What your cat’s or dog’s droppings tell you about their health

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It’s not the most enjoyable task for a pet parent, but regularly checking your cat’s or dog’s droppings as you clean it up can help you monitor their health.

While unpleasant and smelly, cleaning up your dog’s or cat’s droppings can give you insight into the health of your pet.

Get familiar with what is normal for your pet – the frequency, consistency and colour of their faeces – as well as how easy or difficult it is for them to pass a stool. This guide will help you understand what changes to look for, allowing you to recognise health problems in your dog or cat early on and get a quick diagnosis and treatment.

Frequency: How often does your pet defecate?

Most pets will defecate once or twice a day, but every dog and cat is different, so going more or less often could be normal for them.

You should talk to your vet if:

  • Your pet defecates more or less often than usual
  • It’s continually trying to go without success

Consistency and colour: Does your pet have healthy-looking stool?

Changes in consistency from day to day can be completely normal for dogs, depending on their diet. Talk to your vet if your dog’s stool is runny, contains blood or mucous.

The colour of your pet’s faeces will probably be a shade of brown, but it can also be lighter or darker, or even flecked with different colours, depending on the food they’ve eaten.

Talk to your vet if your pet’s stool is:

  • Black or red: This may be a sign of bleeding within the gastrointestinal tract.
  • Green or very pale in colour: This may indicate a problem with the liver or pancreas.

Signs of worms: Does your pet have an intestinal parasite?  

If you’ve never seen worms in your pet’s stool, it doesn’t necessarily mean they don’t have parasites. Healthy, adult worms remain in the intestines and typically only appear in faeces if they’re dying or dead, or if so many worms are present in the intestines that they ‘abandon ship’.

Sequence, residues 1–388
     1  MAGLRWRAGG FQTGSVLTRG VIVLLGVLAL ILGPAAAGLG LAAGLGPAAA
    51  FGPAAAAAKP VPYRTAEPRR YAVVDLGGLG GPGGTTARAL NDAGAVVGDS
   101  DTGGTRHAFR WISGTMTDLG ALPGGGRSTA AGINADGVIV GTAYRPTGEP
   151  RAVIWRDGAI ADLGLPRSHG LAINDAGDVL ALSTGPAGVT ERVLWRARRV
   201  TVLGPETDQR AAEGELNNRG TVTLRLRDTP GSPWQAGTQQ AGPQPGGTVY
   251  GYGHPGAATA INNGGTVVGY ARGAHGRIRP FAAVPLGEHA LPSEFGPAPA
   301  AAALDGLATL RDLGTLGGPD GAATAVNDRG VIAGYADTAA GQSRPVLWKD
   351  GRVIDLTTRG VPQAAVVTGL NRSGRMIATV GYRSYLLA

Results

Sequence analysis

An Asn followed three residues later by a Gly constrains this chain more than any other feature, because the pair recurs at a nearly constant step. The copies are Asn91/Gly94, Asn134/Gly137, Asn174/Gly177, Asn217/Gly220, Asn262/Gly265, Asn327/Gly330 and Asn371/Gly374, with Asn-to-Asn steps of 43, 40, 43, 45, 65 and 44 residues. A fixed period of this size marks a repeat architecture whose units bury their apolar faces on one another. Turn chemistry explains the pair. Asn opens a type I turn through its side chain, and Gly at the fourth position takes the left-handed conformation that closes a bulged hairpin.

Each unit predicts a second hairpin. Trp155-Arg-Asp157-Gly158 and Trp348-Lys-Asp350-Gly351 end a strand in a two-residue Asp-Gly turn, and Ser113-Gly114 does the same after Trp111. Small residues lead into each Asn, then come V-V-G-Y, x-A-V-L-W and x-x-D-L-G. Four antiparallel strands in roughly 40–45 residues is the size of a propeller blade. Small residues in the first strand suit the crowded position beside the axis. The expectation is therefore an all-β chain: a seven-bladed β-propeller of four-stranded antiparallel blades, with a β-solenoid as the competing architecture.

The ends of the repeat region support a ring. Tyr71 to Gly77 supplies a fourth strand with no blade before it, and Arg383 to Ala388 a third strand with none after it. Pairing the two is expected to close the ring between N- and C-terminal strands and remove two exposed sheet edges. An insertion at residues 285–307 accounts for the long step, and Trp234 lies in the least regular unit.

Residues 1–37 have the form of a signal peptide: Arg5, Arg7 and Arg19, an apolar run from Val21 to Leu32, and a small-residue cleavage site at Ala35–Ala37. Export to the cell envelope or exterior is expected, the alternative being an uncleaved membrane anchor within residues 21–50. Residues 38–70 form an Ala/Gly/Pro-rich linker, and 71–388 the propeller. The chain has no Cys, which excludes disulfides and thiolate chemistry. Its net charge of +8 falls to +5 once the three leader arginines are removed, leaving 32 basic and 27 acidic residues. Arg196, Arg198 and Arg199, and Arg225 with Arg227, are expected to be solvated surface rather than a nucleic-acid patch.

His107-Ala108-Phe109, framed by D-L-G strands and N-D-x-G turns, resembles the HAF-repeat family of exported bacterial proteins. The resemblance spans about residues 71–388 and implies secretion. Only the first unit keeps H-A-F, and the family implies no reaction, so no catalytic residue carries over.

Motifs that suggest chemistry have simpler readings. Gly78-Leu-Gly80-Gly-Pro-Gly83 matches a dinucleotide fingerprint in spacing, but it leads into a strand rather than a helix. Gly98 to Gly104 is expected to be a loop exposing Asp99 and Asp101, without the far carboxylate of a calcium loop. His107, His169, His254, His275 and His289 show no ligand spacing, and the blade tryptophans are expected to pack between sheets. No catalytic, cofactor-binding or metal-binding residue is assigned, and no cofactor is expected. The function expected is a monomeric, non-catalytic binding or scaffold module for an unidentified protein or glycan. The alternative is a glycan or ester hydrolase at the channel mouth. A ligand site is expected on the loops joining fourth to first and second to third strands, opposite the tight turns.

Adult worms release their eggs into your pet’s faeces, but most worm eggs are microscopic and can’t be seen by just looking at a pet’s stool. The exceptions are tapeworms, which have a segmented body and regularly shed whole, visible, egg-filled body segments in the faeces. These body segments can still be wriggling when they’re passed and look like a moving cucumber seed or grain of rice either in the stool or stuck to the hair around your pet’s rear end, causing irritation.

Overall, if your pet exhibits any of the follow signs, save a sample of its stool and take it and the pet for a vet examination:

  • Bloody stool 
  • Diarrhoea (that lasts more than one or two days)
  • Worms in stool
  • Tapeworm segments that look like small, moving grains of rice
  • Scooting on their bottom or other signs of discomfort

Vets can process a faecal sample to concentrate worm eggs or protozoan cysts and identify them with a microscope.

Protect your dog or cat from worm infestations – and treat existing infestations –with Advocate®.

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